The ISM Manufacturing Index Increased to 50.9 in June

 
Implications: The ISM index, a measure of manufacturing sentiment around the country, rebounded from last month's drop, beat consensus expectations, and moved back into territory signaling expansion in the factory sector. The overall index rose to 50.9. The best news in today's report was the gain in the new orders index to 51.9, suggesting faster growth ahead. According to the Institute for Supply Management, an index level of 50.2, which was the average for the second quarter, is consistent with real GDP growth of 2.5% annually. We think other data signal a real GDP growth rate very close to that figure. The weakest part of today's report was for employment; that index declined to 48.7, suggesting another decline in manufacturing payrolls in June. Oddly, this is the second month in a row where the national ISM moved in the opposite direction as the Chicago PMI. Usually these two measures move in the same direction. The gap may be due to a transition in which sectors are performing the best. For example, furniture manufactures reported the strongest growth in June while transportation equipment makers were among the slowest growers. Sales for autos are already close to where they should be based on fundamentals (the driving-age population and scrappage), and we had been anticipating a transition by consumers toward slower growth in auto sales and faster growth in other sectors. On the inflation front, the prices paid index increased to 52.5 in June from 49.5 in May. Given loose monetary policy, we expect these inflation readings to remain above 50. In other news this morning, construction increased 0.5% in May, almost exactly what the consensus expected. The gain in May was due rising state & local construction (particularly transportation hubs and water supply) as well as home building; commercial construction declined in May (particularly manufacturing plants and communications facilities). Overall, today's data are certainly no justification for euphoria, but aren't a reason to panic either. What we have here is more data consistent with the Plow Horse economy.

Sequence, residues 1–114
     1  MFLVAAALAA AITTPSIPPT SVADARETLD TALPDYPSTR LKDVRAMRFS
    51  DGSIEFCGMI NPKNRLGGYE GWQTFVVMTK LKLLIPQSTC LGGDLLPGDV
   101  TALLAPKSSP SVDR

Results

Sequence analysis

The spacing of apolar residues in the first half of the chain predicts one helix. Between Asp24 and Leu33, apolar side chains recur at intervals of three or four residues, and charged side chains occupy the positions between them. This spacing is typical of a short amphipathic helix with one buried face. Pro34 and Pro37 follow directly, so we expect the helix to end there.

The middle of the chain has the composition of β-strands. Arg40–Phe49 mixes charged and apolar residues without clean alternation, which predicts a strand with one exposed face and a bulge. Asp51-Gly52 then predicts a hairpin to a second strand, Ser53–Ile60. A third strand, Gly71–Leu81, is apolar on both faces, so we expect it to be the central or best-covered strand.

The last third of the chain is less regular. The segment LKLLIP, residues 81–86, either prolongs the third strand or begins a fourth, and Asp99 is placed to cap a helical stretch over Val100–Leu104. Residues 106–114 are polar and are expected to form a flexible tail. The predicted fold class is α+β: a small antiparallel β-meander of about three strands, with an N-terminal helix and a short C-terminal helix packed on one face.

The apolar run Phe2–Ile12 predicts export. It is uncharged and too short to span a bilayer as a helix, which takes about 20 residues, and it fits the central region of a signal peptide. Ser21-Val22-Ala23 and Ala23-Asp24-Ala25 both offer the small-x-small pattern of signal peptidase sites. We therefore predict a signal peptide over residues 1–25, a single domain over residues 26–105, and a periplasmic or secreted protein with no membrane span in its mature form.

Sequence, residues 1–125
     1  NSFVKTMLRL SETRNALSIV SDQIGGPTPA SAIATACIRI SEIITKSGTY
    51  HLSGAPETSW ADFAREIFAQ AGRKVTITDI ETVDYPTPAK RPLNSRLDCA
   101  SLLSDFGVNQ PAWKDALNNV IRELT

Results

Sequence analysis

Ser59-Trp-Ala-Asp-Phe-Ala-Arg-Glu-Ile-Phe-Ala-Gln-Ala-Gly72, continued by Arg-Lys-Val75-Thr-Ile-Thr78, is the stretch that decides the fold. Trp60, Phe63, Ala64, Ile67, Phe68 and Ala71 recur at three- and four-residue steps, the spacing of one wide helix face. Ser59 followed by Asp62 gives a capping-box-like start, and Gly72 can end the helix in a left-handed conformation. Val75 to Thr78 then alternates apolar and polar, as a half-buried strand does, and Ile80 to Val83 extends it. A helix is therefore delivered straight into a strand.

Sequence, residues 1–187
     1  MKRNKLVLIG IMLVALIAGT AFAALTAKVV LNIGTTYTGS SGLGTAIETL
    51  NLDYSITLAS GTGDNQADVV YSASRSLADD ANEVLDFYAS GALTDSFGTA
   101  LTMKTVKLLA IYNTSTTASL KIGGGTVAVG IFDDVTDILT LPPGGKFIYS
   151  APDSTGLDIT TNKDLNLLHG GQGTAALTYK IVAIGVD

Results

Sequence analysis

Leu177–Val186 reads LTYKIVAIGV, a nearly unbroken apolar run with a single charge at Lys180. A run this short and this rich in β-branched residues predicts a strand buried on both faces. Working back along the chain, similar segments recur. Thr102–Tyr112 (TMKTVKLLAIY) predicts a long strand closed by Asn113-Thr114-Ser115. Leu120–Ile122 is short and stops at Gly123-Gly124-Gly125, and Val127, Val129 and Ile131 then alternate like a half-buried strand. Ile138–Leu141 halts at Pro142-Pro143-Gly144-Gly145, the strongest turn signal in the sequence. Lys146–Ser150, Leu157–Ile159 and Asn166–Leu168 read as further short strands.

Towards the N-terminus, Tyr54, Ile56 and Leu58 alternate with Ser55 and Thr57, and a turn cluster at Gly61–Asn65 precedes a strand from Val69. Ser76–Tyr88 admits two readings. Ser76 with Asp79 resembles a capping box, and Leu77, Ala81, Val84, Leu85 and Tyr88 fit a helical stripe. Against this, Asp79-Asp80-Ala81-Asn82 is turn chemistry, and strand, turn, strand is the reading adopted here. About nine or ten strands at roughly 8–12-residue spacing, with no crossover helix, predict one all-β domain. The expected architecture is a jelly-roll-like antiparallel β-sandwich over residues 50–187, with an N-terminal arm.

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Posted on Monday, July 1, 2013 @ 11:31 AM

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